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Found 8 results

  1. An Autumn Road Trip

    In September, the desire to collect the Burlington Formation, Mississippian of Iowa got the best of me, “forced” my truck to make a little road trip down that way. The trip was about 4 hours, necessitating an overnight stay. Covid was running rampant, compelling me to sleep in the back of my pickup and eat out of a cooler full of food instead of motels and restaurants. This left a 64 year old man a bit stiff in the morning. The nice thing about the Burlington, it did not tax my body too much, allowing me hunt my allotted 8 hours with ease. Normally the Burlington is searched for crinoid specimens, but on this trip, my goal was to find the fish layer and come home with shark specimens to prep out. Success was had and I even stumbled on a few nice crinoids too, as a forum member found out The stark contrast of the dark fish parts can be seen against the whitish matrix FULL of crinoidal debris in this chunk. Extracting the teeth was very difficult due to their fragile nature. Many nice specimens were ruined as a result of my inadequate techniques. But I am proud of what I salvaged! After completing my preps, I placed the teeth in some plastic sleeves. However, I developed such a liking to the teeth that I couldn’t just bag them and file them away in my barn. So I decided to make an Iowa tooth display out of them, something that I can hopefully use on occasion for educational purposes. The result of my project is shown in the next photo. I used a red blanket from under the Christmas tree as a background. Not sure I like the Santa red so included another without it. Plus, as always, I forgot a scale!! Now I will show closeups of most specimens and attempt a CRUDE ID on them. First Cladodus???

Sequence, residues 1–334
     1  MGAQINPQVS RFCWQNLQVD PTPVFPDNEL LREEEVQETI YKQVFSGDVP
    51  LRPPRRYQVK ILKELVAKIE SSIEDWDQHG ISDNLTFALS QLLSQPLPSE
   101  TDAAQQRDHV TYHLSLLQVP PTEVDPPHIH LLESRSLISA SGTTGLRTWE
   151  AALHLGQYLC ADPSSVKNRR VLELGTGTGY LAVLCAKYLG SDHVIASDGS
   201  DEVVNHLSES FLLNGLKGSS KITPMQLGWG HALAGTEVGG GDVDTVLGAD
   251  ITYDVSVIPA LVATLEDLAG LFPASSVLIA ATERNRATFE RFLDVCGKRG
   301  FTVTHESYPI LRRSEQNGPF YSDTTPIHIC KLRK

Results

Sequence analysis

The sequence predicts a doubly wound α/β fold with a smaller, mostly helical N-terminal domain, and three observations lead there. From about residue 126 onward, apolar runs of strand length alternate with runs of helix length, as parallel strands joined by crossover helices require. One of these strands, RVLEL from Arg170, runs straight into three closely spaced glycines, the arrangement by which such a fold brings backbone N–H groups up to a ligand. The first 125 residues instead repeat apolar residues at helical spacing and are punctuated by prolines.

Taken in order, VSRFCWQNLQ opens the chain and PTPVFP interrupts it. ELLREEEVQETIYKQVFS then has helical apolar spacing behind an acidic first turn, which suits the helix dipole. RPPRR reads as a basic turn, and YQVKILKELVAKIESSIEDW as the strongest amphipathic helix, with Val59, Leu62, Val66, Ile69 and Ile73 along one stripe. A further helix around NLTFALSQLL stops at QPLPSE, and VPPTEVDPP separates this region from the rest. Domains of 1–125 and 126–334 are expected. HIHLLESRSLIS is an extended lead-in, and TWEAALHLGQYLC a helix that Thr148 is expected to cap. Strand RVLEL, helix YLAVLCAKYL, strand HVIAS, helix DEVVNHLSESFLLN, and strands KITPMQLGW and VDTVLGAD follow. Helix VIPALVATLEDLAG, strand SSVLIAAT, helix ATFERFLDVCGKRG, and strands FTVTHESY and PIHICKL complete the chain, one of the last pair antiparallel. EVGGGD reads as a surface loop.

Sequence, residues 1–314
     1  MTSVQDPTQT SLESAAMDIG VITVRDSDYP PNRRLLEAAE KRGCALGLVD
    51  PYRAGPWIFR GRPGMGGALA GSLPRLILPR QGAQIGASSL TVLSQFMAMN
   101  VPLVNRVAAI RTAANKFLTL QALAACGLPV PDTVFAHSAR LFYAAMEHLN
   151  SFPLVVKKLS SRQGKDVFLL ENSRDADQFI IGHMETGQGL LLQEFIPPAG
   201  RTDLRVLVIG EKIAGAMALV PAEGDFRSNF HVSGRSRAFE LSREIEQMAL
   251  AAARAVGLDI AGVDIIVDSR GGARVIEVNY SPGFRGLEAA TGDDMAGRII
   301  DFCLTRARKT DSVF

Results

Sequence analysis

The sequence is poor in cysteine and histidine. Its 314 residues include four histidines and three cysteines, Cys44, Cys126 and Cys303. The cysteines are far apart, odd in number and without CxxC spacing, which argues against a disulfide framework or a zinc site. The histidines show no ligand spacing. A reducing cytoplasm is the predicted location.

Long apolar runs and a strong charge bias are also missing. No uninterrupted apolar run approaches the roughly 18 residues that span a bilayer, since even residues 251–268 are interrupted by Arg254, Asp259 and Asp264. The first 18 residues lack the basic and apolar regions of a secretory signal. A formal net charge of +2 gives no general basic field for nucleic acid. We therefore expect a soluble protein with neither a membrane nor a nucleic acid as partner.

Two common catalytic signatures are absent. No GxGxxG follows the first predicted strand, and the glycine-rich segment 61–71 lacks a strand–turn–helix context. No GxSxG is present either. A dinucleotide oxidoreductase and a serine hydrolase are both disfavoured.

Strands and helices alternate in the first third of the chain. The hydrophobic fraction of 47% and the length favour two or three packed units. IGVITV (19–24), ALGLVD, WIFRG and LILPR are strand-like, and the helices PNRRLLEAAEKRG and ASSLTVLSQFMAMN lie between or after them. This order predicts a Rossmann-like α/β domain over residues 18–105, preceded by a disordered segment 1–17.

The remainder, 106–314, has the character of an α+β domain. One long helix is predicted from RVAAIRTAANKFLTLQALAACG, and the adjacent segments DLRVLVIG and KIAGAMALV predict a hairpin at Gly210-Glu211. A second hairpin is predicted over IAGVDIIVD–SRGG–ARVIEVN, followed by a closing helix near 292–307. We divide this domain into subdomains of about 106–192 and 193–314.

2. The colder days of late has allowed me to work on the Burlington matrix that I brought home this summer. It has revealed some real treasures, at least for me. But I am stymied on a few finds and look for some opinions of forum members. 1. A few questions on the first piece. My goal was to clean up a large piece of ??? Shark spine? While cleaning, two teeth were uncovered. Here is the "backside" tooth. Now the "front side" tooth Initially just the tip of the tooth was showing, but as I progressed with cleaning, this "moustache" was exposed with the tooth at the very tip. I am very curious to understand this as well as what the long linear specimen is above it. 2. Looks like a trilobite eye but I will venture some type of shark tooth?? 3. The matrix where these specimens were found is white. So any time a dark spot is seen, a fossil exists, at least most of the time. Here is a dark item I assumed when I started its exposure was a tooth of some kind. But I concluded, just a "rock". After seeing it sit on the workbench for a few days, I kept thinking about the LACK of any matrix that wasn't white. So my thoughts went to the possibility of a coprolite. I will tag @GeschWhat for her opinion too. 4. Open to suggestions on this SMALL tubular structure. 5. I couldn't find a confident ID on this tooth. 6. Again, I have no clue on this one. It looks like Mickey Mouse ears, but I can't believe it since this was no where near Disneyland!
  3. Burlington limestone fossil IDs